NO DISCLOSURE (DISCOVERY) ALLLOWED ON NEGLIGENT HIRING CLAIM WHERE BUS DRIVER WORKING AT TIME OF ACCIDENT

Court: Supreme Court, Appellate Division, Second Department, New York

Case: Rufino Tangalin v. MTA Long Island Bus

Date: Feb. 14, 2012

From: New York attorney Gary E. Rosenberg (personal injury and accident attorney and lawyer; serving Queens; Queens injury lawyer)

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In an action to recover damages for personal injuries, etc., the defendants MTA Long Island Bus, Metropolitan Suburban Bus Authority, and Kathy Evans appeal from an order of the Supreme Court, Nassau County (Woodard, J.), entered December 20, 2010, which denied their motion pursuant to CPLR 2221(a) to vacate so much of an order of the same court dated July 23, 2010, as directed them to produce certain portions of a Bus Operator Training Participant's Guide other than those involving railroad crossings.

ORDERED that the order entered December 20, 2010, is reversed, on the law and in the exercise of discretion, with one bill of costs payable by the respondents appearing separately and filing separate briefs, the motion is granted, and so much of the order dated July 23, 2010, as directed the defendants MTA Long Island Bus, Metropolitan Suburban Bus Authority, and Kathy Evans to produce certain portions of the Bus Operator Training Participant's Guide other than those involving railroad crossings is vacated.

We agree with the appellants' contention that the Supreme Court erroneously treated their motion to vacate so much of an order as directed them to produce certain portions of the Bus Operator Training Participant's Guide of the defendant MTA Long Island Bus (hereinafter the Guide) as one for leave to reargue. Moreover, since that order was not appealable as of right because it did not decide a motion made on notice, it was procedurally proper for the appellant to move pursuant to CPLR 2221(a) to vacate the disputed portion of the order (see Mega Constr. Corp. v. Benson Park Assoc., LLC, 60 A.D.3d 826, 827, 875 N.Y.S.2d 241; Koczen v. VMR Corp., 300 A.D.2d 285, 750 N.Y.S.2d 877; Pagan v. Penthouse Mfg. Co., 121 A.D.2d 374, 502 N.Y.S.2d 802).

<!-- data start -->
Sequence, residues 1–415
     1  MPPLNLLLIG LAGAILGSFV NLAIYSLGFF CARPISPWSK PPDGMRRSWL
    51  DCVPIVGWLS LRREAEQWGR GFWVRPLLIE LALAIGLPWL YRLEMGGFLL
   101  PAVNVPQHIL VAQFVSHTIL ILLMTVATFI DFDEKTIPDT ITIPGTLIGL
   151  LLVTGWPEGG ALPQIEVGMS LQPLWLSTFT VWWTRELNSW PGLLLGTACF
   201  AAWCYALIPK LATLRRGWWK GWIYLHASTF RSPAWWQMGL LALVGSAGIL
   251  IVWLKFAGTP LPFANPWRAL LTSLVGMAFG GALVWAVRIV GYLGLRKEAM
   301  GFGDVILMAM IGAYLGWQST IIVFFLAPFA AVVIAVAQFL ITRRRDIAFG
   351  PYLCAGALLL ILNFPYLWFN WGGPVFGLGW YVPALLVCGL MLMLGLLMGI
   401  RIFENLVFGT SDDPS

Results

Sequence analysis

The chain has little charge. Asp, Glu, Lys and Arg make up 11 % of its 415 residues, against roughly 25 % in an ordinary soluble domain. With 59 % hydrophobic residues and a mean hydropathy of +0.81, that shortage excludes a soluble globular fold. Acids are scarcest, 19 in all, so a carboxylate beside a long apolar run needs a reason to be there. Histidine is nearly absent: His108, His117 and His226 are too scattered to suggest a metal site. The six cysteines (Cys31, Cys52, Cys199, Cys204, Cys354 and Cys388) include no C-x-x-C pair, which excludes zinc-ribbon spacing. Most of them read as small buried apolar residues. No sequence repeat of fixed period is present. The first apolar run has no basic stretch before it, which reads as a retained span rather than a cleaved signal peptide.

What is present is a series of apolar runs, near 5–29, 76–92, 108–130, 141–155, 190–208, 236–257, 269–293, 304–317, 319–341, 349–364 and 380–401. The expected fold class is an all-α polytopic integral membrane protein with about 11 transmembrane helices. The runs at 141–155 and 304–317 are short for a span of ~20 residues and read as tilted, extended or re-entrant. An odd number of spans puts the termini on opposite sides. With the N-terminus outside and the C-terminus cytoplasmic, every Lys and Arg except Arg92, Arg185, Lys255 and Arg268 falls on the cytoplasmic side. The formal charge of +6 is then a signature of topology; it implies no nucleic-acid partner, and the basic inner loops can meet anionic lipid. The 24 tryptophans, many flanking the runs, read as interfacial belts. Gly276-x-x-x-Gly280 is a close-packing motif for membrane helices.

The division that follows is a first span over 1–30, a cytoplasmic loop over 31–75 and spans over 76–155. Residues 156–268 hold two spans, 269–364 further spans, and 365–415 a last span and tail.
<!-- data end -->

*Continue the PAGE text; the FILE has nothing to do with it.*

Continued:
The Supreme Court should have granted the appellants' motion to vacate so much of the order as directed them to produce certain portions of the Guide other than the portions involving railroad crossings. Generally, where an employee is acting within the scope of his or her employment, the employer is liable for the employee's negligence under a theory of respondeat superior, and a plaintiff may not proceed with a cause of action to recover damages for negligent hiring and retention (see Neiger v. City of New York, 72 A.D.3d 663, 664, 897 N.Y.S.2d 733; Ashley v. City of New York, 7 A.D.3d 742, 743, 779 N.Y.S.2d 502; Karoon v. New York City Tr. Auth., 241 A.D.2d 323, 324, 659 N.Y.S.2d 27; Eifert v. Bush, 27 A.D.2d 950, 951, 279 N.Y.S.2d 368, affd. 22 N.Y.2d 681, 291 N.Y.S.2d 372, 238 N.E.2d 759). Since the bus driver in the instant matter was acting within the scope of her employment when the accident occurred, the portions of the Guide relating to the retention or training of the bus driver were not relevant (see Cheng Feng Fong v. New York City Tr. Auth., 83 A.D.3d 642, 643, 919 N.Y.S.2d 874; Neiger v. City of New York, 72 A.D.3d at 664, 897 N.Y.S.2d 733; Eifert v. Bush, 27 A.D.2d at 951, 279 N.Y.S.2d 368). Furthermore, there was no showing that the remaining portions of the Guide which the appellants sought to prevent from disclosure were relevant to the prosecution or defense of any claim (see Foster v. Herbert Slepoy Corp., 74 A.D.3d 1139, 1140, 902 N.Y.S.2d 426; Vyas v. Campbell, 4 A.D.3d 417, 418, 771 N.Y.S.2d 375; Crazytown Furniture v. Brooklyn Union Gas Co., 150 A.D.2d 420, 421, 541 N.Y.S.2d 30).

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